One of the indelible images that remains with me from my years at sea is that of an operation known as underway replenishment (or, in Navy jargon, UNREP).  When a Navy ship needs more fuel, food, or other supplies, it doesn’t always have the luxury of pulling into the nearest port like you or I would pull our cars into the nearest gas station or convenience store.  It has to be able to get what it needs through underway replenishment.  During an UNREP, the ship comes alongside a support ship, hoses and lines are strung between the two ships (which, by the way, are moving), and the support ship provides whatever is needed.  It’s thrilling, and a little scary, being aboard a ship during an UNREP.  The ships are close together, and the operation tests the nerve and ship-handling skills of both crews, but the result is worth the effort.   

“Coming alongside” is an apt image for the spiritual care Lifeline’s volunteers provide to the patients and families we serve.  In underway replenishment, each ship is fully seaworthy and has its own captain and crew.  The supply ship doesn’t take over the mission of the other ship.  It simply comes alongside and provides the support that is needed.  Similarly, in pastoral encounters with patients and family members, our volunteers come alongside, not to fix or to take over, but to listen, to pray, and to engage in caring conversation.  By doing these things – and even more importantly by simply being there – our volunteers offer reassurance of God’s steadfast love and abiding presence.  This is the unique contribution spiritual care makes to patients’ healing and wholeness.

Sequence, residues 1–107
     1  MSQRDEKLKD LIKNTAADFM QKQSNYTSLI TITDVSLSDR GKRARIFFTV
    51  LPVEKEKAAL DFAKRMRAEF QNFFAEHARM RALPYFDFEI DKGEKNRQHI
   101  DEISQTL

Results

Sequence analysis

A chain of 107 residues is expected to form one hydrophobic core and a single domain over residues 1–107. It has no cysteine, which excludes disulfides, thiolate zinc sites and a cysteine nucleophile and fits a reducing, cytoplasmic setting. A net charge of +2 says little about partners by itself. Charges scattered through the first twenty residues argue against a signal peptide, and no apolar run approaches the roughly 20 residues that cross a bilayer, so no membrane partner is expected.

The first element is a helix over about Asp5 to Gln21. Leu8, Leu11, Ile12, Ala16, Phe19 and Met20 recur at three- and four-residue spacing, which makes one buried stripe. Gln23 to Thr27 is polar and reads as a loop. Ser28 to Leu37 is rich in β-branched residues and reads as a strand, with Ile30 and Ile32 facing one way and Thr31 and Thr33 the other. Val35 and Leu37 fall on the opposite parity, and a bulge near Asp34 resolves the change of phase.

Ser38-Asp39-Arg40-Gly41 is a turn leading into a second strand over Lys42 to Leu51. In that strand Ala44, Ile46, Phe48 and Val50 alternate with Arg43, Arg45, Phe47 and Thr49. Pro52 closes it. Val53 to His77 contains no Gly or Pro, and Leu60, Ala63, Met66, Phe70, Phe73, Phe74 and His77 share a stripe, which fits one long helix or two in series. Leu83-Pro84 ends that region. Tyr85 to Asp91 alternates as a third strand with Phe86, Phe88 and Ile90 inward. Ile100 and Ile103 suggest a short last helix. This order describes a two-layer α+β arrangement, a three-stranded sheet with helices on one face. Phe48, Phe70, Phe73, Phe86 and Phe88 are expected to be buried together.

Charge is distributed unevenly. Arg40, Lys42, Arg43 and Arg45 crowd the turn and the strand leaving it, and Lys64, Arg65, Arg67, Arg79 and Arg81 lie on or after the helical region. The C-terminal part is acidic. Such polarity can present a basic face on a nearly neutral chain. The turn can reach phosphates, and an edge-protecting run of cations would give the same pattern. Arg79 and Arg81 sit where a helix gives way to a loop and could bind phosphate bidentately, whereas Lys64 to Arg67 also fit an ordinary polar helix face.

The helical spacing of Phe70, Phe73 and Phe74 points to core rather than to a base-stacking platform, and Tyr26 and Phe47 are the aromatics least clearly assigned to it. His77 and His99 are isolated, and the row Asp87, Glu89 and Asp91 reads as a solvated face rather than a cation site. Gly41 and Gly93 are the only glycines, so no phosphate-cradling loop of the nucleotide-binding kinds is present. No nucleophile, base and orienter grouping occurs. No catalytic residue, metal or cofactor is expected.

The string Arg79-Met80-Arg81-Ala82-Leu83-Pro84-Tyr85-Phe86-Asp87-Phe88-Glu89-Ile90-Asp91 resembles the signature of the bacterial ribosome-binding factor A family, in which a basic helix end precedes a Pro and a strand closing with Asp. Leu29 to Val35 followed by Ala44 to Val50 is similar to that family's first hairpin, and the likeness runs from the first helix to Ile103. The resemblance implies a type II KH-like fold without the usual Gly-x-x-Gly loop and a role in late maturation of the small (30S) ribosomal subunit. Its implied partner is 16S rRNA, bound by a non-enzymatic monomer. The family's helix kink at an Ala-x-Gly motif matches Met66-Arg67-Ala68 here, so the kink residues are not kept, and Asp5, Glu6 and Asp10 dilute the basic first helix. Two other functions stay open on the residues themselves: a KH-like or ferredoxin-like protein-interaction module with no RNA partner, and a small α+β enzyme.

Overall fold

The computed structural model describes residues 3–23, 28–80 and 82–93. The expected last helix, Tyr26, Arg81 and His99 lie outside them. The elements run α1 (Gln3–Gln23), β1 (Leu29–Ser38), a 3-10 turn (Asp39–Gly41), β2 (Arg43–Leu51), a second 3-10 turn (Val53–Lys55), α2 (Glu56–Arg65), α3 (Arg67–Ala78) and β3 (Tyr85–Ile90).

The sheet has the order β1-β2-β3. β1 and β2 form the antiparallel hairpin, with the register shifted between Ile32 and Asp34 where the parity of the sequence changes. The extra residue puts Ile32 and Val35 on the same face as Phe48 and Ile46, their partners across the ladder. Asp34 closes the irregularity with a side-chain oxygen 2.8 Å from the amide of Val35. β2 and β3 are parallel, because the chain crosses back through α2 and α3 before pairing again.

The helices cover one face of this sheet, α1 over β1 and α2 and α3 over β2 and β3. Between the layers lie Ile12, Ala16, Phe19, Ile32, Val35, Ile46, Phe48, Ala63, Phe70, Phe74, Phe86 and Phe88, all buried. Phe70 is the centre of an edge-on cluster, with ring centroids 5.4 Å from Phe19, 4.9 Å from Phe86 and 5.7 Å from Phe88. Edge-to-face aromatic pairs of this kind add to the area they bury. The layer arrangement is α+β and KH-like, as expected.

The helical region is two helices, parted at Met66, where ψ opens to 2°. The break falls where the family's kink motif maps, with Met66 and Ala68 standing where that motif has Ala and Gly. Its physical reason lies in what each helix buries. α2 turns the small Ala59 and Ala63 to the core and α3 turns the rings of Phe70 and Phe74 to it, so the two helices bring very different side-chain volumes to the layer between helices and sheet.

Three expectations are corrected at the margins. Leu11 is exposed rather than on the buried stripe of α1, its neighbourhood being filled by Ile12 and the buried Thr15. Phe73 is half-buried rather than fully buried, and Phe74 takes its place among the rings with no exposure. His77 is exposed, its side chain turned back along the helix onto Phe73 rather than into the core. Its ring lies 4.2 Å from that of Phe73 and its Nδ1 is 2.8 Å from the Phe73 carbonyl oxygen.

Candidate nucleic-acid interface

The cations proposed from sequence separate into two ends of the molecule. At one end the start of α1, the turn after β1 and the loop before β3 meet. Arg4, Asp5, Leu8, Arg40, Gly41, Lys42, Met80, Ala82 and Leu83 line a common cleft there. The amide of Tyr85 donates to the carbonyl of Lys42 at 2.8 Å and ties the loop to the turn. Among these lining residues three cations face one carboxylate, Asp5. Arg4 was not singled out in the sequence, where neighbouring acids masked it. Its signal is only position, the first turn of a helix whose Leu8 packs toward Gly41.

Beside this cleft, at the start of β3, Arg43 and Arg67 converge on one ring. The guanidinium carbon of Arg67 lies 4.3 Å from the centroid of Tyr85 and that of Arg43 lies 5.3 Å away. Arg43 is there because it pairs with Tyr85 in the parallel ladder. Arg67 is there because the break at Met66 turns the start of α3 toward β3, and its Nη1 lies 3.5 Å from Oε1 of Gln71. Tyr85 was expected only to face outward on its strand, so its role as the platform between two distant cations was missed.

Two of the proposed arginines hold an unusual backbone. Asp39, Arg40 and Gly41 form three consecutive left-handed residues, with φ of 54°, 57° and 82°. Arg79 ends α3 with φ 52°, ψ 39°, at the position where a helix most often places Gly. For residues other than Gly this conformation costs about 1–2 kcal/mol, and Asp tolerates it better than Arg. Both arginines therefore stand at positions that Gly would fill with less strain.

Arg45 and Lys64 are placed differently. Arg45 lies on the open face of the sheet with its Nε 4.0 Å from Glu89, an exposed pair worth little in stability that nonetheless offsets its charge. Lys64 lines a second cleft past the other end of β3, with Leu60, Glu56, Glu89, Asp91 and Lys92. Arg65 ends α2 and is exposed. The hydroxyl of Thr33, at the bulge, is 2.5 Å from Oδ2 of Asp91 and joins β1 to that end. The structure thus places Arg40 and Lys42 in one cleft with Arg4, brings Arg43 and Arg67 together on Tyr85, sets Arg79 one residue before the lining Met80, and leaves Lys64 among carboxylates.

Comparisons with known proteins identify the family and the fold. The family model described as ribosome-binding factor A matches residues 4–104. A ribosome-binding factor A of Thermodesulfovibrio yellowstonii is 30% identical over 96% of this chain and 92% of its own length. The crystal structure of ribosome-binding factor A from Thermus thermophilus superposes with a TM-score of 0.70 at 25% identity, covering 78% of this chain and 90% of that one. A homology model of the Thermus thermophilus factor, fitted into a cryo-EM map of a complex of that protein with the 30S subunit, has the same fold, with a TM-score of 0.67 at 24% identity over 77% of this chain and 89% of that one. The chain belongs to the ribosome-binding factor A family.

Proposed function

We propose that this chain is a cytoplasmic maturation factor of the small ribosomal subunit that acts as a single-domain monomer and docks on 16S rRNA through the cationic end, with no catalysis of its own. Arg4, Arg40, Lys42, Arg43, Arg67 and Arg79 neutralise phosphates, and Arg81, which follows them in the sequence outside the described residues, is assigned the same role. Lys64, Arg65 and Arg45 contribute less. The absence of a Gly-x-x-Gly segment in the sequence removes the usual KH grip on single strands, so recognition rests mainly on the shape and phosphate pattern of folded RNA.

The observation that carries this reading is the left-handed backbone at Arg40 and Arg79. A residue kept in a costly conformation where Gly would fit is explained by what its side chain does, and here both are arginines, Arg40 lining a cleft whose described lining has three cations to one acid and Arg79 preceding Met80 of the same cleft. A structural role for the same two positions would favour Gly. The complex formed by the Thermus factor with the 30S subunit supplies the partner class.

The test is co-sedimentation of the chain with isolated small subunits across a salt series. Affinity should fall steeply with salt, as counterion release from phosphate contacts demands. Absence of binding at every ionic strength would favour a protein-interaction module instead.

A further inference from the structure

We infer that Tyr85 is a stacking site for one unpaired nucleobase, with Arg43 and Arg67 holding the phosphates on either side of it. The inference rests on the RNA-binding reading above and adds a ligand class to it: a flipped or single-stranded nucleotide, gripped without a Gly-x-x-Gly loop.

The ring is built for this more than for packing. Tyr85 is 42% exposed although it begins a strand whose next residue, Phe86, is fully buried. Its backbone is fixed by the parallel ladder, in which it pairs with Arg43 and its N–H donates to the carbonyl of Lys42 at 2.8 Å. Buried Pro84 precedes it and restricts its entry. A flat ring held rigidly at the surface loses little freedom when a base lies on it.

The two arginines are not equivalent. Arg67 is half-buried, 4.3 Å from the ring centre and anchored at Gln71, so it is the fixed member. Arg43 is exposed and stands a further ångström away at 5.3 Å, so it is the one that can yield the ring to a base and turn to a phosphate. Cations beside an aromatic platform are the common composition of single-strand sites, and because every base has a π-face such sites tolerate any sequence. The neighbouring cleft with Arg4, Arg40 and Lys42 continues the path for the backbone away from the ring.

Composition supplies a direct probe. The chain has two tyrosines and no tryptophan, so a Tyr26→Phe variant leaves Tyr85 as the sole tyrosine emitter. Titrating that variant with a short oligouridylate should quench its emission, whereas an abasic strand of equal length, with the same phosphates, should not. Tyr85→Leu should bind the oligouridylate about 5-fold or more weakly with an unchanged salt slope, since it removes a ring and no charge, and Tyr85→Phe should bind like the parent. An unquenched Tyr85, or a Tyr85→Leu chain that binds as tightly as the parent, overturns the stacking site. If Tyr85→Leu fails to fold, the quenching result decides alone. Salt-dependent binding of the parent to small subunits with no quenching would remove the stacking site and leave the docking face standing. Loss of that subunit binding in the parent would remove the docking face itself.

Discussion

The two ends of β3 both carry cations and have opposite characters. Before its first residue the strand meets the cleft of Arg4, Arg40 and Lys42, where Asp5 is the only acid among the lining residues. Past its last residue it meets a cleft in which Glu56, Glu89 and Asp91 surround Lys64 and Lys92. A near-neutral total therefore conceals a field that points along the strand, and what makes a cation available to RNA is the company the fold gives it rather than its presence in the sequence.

Expecting the Unexpected

It may be counter-cultural, even in some churches, but lamenting is truly biblical. Bible readers find that faithful followers of Yahweh all encountered seasons of distress. And more than a few of them openly, verbally, took their distresses and disgusts right to the ears of their God.

They knew, they loved, they trusted in a God who was not immobile, not impotent, not distant. They knew God as one knows an actual loving parent, one open to all expressions: praise and dismay, thanksgiving and frustration.

And they are called faithful.

By: Virgil Fry

Eternal Music

I am a song

Color bursting

Upon the ear

Sometimes a song of quiet strings

Haunting melodies or flowing streams

Sometimes a piercing blast on a trumpet

Calling “awake! Awake!

Come play and dance

To the song I hear

It is joy or sorrow

Glee or pain

Do you dare to dance with me?

Or choose your own melody, but dance.

Dance with abandon

Stare deep within

And don’t be afraid

Of the wildness there

That seeks a melody

Your melody to aria bring

And chorus swell

With angels throng

The song.

The singing

Of joy to the world

For which we all long.

                                                                                         -David F. Martin

Hope for the Journey: He Will Direct our Paths through Illness

faith